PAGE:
Correction: Yemen story
Nov. 09, 2013
SANAA, Yemen (AP) — In a story Nov. 8 about suspected al-Qaida militants being killed in Yemen, The Associated Press reported erroneously that Yemen's Interior Ministry said they were killed in drone strikes. The ministry described the attacks as air strikes.
A corrected version of the story is below:
Yemen: 5 al-Qaida suspects killed in air strikes
Yemen's Interior Ministry says 5 suspected al-Qaida fighters killed in 2 air strikes
By AHMED AL-HAJ
SANAA, Yemen (AP) — Air strikes in southern Yemen killed five suspected al-Qaida militants, the country's interior ministry said Friday, as fighting between rebels and ultraconservative Sunnis raged on in the north.
Two strikes killed the suspects Thursday in Abyan province, while a third left no casualties, the ministry said.
Al-Qaida in the Arabian Peninsula, which is based in Yemen, is considered by the U.S. to be the most dangerous offshoot of the terror organization in the world.
Yemen's military waged a wide offensive against the group last year, driving militants out of their strongholds in southern Yemen. Since then, the group has carried retaliatory attacks and the U.S. has launched dozens of drone strikes targeting suspected members.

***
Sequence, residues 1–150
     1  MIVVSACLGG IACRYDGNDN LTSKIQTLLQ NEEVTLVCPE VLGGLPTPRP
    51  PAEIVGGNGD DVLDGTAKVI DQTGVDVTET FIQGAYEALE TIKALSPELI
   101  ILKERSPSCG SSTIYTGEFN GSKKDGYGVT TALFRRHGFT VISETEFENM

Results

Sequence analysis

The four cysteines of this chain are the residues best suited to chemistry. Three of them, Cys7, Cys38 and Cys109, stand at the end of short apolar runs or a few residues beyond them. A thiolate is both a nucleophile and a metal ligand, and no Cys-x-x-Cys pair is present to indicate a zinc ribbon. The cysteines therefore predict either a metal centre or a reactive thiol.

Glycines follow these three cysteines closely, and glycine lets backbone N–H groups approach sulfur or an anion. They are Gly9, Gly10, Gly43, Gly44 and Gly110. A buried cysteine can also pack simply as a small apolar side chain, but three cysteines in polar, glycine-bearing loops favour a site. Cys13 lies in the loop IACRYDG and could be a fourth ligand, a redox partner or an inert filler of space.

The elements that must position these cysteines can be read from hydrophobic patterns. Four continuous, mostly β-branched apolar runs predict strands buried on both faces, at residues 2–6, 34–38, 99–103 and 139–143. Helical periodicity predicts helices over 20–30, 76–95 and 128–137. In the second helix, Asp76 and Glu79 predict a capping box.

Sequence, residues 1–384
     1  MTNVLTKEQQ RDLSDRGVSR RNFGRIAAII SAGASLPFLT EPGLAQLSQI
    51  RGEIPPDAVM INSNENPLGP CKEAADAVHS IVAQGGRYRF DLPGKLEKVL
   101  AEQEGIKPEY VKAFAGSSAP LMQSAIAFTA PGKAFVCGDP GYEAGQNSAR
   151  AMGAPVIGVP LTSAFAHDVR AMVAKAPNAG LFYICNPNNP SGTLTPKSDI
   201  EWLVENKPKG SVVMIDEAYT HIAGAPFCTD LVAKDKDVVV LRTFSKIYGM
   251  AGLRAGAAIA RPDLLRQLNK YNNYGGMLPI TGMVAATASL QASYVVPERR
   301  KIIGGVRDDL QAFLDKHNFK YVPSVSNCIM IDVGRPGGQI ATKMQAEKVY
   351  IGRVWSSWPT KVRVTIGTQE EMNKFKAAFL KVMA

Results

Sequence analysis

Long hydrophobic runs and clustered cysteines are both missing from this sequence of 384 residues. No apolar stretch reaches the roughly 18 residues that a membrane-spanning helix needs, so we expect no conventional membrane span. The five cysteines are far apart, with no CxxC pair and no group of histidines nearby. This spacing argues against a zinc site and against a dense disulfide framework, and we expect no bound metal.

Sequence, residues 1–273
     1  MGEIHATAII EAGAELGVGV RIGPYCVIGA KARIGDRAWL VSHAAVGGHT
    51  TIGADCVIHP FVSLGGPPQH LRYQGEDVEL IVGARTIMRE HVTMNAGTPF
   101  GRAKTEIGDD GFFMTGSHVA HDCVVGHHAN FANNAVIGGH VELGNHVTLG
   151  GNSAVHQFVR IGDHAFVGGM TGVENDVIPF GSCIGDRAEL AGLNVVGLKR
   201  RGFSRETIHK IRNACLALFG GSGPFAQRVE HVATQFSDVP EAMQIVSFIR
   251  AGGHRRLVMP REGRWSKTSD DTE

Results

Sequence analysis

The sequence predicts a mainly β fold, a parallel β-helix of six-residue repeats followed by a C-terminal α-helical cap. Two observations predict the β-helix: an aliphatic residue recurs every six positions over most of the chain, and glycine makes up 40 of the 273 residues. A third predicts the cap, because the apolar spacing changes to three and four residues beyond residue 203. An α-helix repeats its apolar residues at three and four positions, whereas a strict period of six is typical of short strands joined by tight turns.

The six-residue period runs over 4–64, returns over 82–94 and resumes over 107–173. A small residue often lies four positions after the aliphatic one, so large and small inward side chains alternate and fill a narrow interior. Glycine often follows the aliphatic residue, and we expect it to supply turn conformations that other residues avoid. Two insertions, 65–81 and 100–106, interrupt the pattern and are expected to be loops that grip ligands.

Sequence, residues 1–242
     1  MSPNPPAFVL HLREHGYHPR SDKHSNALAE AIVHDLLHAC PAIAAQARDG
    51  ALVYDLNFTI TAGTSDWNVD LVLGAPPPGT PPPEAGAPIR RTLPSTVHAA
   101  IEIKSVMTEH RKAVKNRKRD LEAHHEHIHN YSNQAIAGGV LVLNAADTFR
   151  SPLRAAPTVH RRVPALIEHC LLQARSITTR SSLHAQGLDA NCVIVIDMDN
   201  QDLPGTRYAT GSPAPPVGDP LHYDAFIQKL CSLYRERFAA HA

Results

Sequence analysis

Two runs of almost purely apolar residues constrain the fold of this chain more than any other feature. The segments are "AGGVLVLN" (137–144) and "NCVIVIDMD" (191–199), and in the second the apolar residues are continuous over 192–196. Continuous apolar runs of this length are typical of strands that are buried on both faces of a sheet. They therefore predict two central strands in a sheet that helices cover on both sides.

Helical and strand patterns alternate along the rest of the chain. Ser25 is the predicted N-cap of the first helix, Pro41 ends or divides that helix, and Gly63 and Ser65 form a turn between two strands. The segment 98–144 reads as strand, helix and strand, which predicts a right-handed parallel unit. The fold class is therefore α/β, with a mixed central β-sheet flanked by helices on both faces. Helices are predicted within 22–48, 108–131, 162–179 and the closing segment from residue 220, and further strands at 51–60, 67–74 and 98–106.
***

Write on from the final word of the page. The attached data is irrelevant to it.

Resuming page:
Yemeni President Abed Rabbo Mansour Hadi faces multiple challenges after the ouster of longtime President Ali Abdullah Saleh, who stepped down after year-long protests. While struggling with al-Qaida in the south and a southern separatist movement, the government also faces turmoil in its restive northern region.
Security officials said Friday that sectarian clashes between rebels and ultraconservative Sunnis killed two people in recent fighting, the latest deaths in ongoing clashes that left dozens dead over the past 10 days.
Shiite rebels known as Hawthis have been fighting ultraconservative Salafis and jihadists in the city of Damaj in the northern Saada province. Security officials said Friday that 12 people also were injured in the last two days.
The officials spoke on condition of anonymity because they were not authorized to brief the media.
Serour al-Wadie, a spokesman of the Salafi movement, said Hawthis used mortars and rocket-propelled grenades in an attack Friday on a mosque in Damaj.
Earlier this week, Hadi warned of sectarian strife and urged both sides to stop the violence in remarks aired on state television.